How to create perfect web-fonts in 3 steps

Web-fonts are a hassle. Once you think that you’ve finally nailed it, whoops there comes another special case where all fonts are totally  [insert swearword of your choice here]. Same happened to me after my last post on how to create nice web-fonts for every browser. The font I created following this howto worked in all of my test-cases, but soon after I had published the post several comments popped up that told me different. Some of these were only small glitches I could either ignore or fix easily, but in the end I had to admit that my proposed solution is at least incomplete. So I again went on a quest to find the best way to create perfect webfonts.

This took me on a long an dangerous journey, but you might want to take the shortcut and use Fontie, the magic web-font generator, instead. However, since you’re still reading I assume you want to know everything! So here my young fellows is my story on how to create webfonts that look good on any operations system and browser.

Prepare yourself

As with every big journey a good preparation is the insurance to come back happy and healthy. So let’s start: To create nice webfonts you need four tools:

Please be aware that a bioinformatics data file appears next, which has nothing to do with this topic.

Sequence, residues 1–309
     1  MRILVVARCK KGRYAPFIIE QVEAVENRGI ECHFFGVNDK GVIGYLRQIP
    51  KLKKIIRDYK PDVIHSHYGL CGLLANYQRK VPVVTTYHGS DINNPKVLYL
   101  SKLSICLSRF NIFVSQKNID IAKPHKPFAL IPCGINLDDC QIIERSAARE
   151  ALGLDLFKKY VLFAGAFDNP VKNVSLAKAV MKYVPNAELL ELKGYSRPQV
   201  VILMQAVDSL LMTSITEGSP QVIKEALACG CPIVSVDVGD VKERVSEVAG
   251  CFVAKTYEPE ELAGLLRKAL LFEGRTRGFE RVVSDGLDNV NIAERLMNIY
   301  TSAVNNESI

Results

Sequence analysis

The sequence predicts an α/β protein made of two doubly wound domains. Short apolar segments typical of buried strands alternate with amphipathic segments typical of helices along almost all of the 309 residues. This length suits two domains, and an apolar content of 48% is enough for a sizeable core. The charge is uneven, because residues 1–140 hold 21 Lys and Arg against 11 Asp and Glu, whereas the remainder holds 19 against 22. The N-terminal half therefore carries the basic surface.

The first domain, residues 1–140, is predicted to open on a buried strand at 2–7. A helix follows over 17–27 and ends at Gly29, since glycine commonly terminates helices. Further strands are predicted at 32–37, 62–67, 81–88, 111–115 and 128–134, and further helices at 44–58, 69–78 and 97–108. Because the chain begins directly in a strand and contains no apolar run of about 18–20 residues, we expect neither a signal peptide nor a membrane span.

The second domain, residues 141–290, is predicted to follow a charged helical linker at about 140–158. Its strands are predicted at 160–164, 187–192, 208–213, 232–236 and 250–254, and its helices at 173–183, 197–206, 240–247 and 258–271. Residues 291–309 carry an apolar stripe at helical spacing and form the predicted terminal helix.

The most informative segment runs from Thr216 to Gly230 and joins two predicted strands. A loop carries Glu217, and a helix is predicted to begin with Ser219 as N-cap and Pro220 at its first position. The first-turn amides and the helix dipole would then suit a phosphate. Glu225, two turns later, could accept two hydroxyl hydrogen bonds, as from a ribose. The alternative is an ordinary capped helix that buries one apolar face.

• Font Forge: The open-source swiss army knife for font creation.
  • ttfautohint: A neat little tool that makes your fonts look better.
  • eotfast: A command-line TrueType to Embedded OpenType converter.
  • scour: A python script to clean up Scalable Vector Graphics.

Font Forge, ttfautohint and Python are available for Windows, OSX and Linux. eotfast is available for Windows only, but you can use ttf2eot or wine on OSX and Linux instead, so this howto should work for everyone. For the rest of the howto I assume that you’ve installed the programs as well as some kind of command line.

Step 1: Create an optimized TrueType font

This one is pretty easy if you ignore the “optimized” in the headline. All you have to do is to open your font in Font Forge, press CTRL+SHIFT+G, select TrueType as format and save everything. Done. If you start with a Truetype font already, you can even ignore this step completely.

But this howto is about creating perfect webfonts, right? ;) So we should not ignore the “optimized” here, but dip our toe a bit deeper into the waters of Font Forge:


Subsetting basically means that you only include the glyphs in the web-font that you actually use on your website. This can reduce the file-size of the final web-fonts dramatically so it’s a good idea to subset your font in general.

To subset a font you first have to open it in Font Forge and select all glyph you want to have in your web-font. You can achieve this by holding SHIFT and clicking on the glyphs (in the default colorset selected glyph have a yellow background). When you’ve selected all glyphs you press CTRL+ESC to invert the selection and remove the now selected unwanted glyphs by clicking “Encoding>Detach & Remove Glyphs” in the menu. After this is done you can generate a TrueType file from the opened font by pressing CTRL+SHIFT+G.